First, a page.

Next up is 'Alien Terror' (1971) where in the European village of Gudenberg in 1890, Prof. Mayer and his assistant Isabel have created a powerful ray machine.
One of the powerful rays is shot into space and attracts a flying saucer. The alien pilot decides that the ray poses too great a threat to the universe and must be destroyed.
Sex murderer Thomas is possessed by an alien intelligence and infiltrates Mayer's household; Mayer himself is later taken over by an alien mind. Paul Rosten, a young scientist who is in love with Mayer's niece Laura, arrives.
The aliens "Mayer" and "Thomas" rig the ray gun to explode, killing all who know its secret. Thomas kills Isabel, but before he can murder Laura, Mayer throws off the alien intelligence and she is saved.
Mayer realizes that the ray is too powerful for human use, and he destroys it. The flying saucer departs. The End!
Well, kinda sorta as I've purposely left a few things out as plot lines, but that said, yes, it really is as wonderfully cheesy as that speech makes it out to be!
Sure the music is shrill and strident, while the dialogue sounds incredibly stilted and to even describe the direction is inept is insulting! And sure, the story has a cobbled together feel with no thrills, tension, scares or suspense despite having the elements that had the potential to make it so. But my goodness, Karloff chews up the scenes (and the scenery) in such a magnificent, sideways-look style!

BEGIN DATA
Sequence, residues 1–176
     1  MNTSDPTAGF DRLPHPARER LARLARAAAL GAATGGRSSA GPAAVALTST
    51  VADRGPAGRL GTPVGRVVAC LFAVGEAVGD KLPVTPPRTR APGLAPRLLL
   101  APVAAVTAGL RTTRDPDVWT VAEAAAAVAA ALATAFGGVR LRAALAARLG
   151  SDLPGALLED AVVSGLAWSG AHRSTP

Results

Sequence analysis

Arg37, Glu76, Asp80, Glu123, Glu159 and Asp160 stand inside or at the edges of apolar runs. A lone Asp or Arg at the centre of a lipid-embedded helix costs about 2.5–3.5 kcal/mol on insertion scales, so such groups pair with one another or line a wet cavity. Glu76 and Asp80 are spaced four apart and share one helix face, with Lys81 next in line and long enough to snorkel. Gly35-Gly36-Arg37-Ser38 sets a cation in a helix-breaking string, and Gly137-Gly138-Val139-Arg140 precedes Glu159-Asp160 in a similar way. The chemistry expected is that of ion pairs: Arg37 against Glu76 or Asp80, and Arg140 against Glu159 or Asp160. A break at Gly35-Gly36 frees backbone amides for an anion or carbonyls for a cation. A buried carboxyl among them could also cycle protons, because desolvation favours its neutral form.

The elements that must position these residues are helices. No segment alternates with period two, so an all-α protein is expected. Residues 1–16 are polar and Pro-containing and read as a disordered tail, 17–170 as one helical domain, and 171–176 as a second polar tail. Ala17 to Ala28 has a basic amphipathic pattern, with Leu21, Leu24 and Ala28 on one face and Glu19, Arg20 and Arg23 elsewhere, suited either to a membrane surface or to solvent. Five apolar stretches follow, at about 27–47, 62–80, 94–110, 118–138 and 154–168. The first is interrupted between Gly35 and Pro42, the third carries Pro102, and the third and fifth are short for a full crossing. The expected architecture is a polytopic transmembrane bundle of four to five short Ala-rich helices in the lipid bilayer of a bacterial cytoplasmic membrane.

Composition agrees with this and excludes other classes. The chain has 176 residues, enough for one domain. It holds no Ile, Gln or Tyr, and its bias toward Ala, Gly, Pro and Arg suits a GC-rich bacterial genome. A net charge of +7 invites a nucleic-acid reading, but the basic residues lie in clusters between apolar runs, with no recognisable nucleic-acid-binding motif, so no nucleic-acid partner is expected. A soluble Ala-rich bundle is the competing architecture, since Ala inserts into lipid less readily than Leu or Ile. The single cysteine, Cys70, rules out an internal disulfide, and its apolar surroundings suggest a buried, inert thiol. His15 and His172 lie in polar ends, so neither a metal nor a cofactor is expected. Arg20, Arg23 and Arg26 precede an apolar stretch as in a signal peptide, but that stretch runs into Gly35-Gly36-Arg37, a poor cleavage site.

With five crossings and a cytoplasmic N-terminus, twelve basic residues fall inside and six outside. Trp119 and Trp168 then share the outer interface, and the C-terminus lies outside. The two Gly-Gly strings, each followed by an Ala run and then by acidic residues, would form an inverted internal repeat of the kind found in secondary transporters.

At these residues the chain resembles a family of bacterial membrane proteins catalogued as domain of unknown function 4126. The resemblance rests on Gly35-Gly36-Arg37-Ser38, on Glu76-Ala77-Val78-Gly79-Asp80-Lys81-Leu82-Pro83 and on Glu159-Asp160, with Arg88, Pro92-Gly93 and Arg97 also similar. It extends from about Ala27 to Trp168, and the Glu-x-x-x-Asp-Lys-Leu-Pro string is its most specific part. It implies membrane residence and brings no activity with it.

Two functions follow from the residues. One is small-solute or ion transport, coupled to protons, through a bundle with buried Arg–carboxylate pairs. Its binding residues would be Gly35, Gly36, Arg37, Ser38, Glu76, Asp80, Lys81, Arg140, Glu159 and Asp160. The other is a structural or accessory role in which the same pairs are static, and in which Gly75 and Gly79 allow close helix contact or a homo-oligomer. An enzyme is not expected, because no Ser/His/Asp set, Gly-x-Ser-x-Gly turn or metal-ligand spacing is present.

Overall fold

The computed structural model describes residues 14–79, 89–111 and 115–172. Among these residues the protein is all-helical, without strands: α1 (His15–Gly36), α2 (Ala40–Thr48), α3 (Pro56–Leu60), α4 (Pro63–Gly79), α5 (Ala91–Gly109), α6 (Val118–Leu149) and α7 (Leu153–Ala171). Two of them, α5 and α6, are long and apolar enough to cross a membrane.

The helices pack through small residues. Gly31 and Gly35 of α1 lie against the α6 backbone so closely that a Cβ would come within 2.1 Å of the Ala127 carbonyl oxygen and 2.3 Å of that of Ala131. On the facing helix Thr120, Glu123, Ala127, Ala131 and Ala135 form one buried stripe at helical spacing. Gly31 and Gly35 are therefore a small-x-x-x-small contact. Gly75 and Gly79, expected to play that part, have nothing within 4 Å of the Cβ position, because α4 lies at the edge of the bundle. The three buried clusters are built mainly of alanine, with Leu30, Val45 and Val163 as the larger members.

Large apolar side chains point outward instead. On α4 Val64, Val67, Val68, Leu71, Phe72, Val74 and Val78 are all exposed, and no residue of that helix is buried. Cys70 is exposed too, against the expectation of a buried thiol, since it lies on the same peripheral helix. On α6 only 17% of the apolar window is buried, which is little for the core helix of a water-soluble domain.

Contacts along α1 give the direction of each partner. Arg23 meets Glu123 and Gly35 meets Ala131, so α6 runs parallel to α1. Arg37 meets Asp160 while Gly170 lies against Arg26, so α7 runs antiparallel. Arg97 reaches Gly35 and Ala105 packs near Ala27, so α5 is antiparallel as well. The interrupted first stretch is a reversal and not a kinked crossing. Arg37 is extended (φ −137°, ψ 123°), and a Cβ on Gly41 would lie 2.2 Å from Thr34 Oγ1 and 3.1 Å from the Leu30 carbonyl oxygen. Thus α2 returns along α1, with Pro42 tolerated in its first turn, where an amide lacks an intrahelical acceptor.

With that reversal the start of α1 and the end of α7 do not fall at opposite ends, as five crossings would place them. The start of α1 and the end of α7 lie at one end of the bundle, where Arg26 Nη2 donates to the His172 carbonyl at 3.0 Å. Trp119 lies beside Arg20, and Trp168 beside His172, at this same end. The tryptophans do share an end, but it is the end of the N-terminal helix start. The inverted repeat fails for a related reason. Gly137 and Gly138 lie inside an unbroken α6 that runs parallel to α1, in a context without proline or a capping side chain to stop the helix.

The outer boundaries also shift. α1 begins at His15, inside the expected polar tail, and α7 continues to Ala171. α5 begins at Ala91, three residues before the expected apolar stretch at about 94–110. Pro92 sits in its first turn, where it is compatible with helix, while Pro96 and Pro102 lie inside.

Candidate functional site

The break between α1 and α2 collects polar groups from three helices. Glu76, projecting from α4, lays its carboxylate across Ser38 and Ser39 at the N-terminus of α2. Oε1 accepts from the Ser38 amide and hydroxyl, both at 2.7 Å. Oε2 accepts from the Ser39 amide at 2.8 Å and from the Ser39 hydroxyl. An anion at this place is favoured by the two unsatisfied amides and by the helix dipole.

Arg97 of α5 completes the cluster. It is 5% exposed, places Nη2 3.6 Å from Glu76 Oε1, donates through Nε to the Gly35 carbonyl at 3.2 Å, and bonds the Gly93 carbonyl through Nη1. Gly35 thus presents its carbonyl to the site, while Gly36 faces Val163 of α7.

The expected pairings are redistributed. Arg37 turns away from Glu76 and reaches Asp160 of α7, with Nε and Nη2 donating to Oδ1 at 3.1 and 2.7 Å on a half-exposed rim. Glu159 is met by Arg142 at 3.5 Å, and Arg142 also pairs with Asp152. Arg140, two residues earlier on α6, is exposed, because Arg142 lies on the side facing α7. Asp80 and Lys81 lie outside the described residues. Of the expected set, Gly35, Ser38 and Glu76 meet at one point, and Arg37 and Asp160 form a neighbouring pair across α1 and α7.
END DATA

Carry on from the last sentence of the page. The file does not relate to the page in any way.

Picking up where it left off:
Finally, we get 'Cult of the Dead' (aka 'Isle of the Snake People') (1971). The inhabitants of a small, remote island have been practicing voodoo rites and worshiping an evil priest named Damballah for years, but the local law officials generally turn a blind eye to this death cult's bizarre activities.
Captain Labesch arrives from the mainland, determined to crack down on the island's lawlessness and clean up the ineffectual, hard-drinking police force. He appeals for assistance from wealthy plantation tycoon Carl Van Molder, who owns nearly half of the island and wields a great deal of influence over the population.
Van Molder has made the study of parapsychology his life's work and believes in the secret powers of the mind. He warns Labesch not to interfere with this forgotten island's ancient ways.
Also visiting is Van Molder's niece, Annabella, a temperance crusader who wants her uncle to help fund the International Anti-Saloon League. She falls in love with handsome police lieutenant Andrew Wilhelm, despite his fondness for rum!
As a horror movie, 'Snake People' fails entirely! As an unintentional comedy, however, it is hilarious! As aforementioned, the dialogue is extremely poor (and therefore extremely hilarious) and apart from Karloff, the acting is really bad too.
The locations are amateurish, the plot has huge holes and many logical errors. While Captain Labesch, for example, is obviously French, and came to the island sent by 'the government', other law enforcement officers of this government have English names!
I laughed a lot when I saw this movie the first time, and I did so again having watched it all these years later for this review.
Don't expect any suspense, but watch this as the unintentional comedy it is and entertainment will be guaranteed! These are all Full Screen Presentations (1.33:1) enhanced for 16x9 TVs.